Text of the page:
From the Chilliwack Progress Archives: George Garcia, advocate for hemp

A Main Street store owner in 1996 passionately argued for a future full of hemp.

Since first publishing on April 16, 1891 the Chilliwack Progress has been the newspaper of record in Chilliwack.

One hundred and 28 years later the Progress remains the longest continuously published newspaper in British Columbia. With the addition of a thriving digital operation anchored by, the Progress delivers more news to more people than ever before.

‘From the Progress Archives’ is a journey into the past, to see what was making news decades ago.


Headline: A forest of hemp

Date: March 13, 1996

Reporter: Pauline Martin

Save our natural resources, feed the world and get everybody working?

Hemp can do it, says George Garcia, proprietor of ‘What’s the Alternative.’

Garcia’s store has raised more than a few eyebrows since he started selling hemp clothing and accessories on Main St. two years ago.

And the most common question from inquiring customers remains: “Can you smoke these cloths?”

Garcia is quick to point out that hemp and marijuana share the same basic genetic makeup, but hemp won’t get you high.

“It’s like tomatoes, and cherry tomatoes; they’re the same, but different,” he says.

Garcia is a member of a growing movement to promote a hemp-friendly society, but not as radical as some advocates who sell seeds, and condone marijuana smoking in public.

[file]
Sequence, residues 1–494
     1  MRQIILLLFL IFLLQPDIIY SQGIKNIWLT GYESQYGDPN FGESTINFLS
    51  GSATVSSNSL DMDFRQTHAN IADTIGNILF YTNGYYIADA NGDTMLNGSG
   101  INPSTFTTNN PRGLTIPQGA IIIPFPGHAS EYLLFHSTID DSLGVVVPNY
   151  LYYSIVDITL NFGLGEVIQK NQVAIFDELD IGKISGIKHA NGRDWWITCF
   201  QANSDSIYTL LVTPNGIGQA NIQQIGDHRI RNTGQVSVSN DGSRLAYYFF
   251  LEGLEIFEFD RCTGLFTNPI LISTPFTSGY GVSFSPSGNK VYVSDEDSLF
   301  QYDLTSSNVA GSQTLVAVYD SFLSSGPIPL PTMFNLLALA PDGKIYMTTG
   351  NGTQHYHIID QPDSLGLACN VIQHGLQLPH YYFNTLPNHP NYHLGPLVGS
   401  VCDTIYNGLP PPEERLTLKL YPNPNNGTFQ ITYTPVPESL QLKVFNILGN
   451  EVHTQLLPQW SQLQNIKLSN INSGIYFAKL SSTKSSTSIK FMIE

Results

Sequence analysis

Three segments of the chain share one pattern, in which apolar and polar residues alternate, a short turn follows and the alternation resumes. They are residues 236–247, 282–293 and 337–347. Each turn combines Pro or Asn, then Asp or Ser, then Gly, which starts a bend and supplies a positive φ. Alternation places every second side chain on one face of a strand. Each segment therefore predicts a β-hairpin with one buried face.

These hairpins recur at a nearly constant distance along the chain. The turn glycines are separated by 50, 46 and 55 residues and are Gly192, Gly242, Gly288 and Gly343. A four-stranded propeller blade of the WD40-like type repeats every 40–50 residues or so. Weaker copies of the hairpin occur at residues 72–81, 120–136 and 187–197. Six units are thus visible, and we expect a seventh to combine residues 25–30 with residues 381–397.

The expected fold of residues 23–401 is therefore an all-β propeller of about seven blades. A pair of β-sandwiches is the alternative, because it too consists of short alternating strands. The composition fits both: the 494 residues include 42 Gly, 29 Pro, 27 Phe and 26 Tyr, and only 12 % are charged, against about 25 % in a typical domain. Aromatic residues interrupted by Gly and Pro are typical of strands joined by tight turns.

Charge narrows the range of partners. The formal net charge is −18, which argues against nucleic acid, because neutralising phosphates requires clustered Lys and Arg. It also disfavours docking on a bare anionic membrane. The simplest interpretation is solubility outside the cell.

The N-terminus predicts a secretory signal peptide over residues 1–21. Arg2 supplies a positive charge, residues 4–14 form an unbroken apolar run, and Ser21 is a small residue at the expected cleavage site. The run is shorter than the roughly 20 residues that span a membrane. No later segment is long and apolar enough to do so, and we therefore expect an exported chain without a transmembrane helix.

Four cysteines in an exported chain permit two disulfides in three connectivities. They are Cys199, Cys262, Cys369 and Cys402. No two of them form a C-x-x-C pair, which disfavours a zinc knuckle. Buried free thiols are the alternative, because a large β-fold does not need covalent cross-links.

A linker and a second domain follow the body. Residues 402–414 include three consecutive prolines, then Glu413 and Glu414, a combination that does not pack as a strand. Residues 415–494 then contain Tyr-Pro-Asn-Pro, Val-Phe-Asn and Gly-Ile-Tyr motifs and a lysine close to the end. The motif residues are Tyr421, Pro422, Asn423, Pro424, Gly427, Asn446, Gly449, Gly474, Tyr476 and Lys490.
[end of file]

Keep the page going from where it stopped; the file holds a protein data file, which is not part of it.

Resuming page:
You can find pipes, papers and paraphernalia at Garcia’s downtown shop, but nothing illegal. He says his biggest customers for water pipes and how-to manuals are over 30; younger people are more drawn to the clothes and jewelry. A few get their navels pierced there.

For sheer practical reasons alone, Garcia makes a compelling case for hemp.

The seed itself is surpassed only by soybean as the world’s most perfect food; the flower has been used medicinally for more than 3,000 years; and the fibre from its stalks can produce three crops of pulp a year that can be manufactured into clothing, fuel and earthquake resident houses – just a few of its 250,000 uses.

“I’d like to see hemp grown on the prairies on a massive scale,” says Garcia.

“Right now, farmers are going broke. If they grew hemp, they’d be going to Hawaii every Christmas.”

Locally, Garcia thinks Fraser Valley Foods would make an idea hemp processing plant.

Globally, he says it could save non-renewable resources and replace fossil fuels.

It also makes a fine pair of shoes, including a new Adidas sneaker appropriately named ‘The Hemp.’

Garcia says there’s only about a dozen licensed hemp growers in Canada right now, and the product they raise is gathered and studied by the government.

But it’s not just government that’s interested in hemp’s potential, and making the most of a renewable resource.

“Any forest company would be foolish not to look at this with an open mind,” says Scott Alexander, a spokesman for MacMillan Bloedel.

“Politically, it’s a hot potato,” says Alexander. But practically, houses built of hemp in France have proven to be a viable option in countries that can’t grow trees.

Alexander says MacBlo has studied hemp for years, but there are commercial and environmental problems that make it impractical at this time.

“That’s not to say we’ve stopped looking,” said Alexander.

After all, what’s the alternative.

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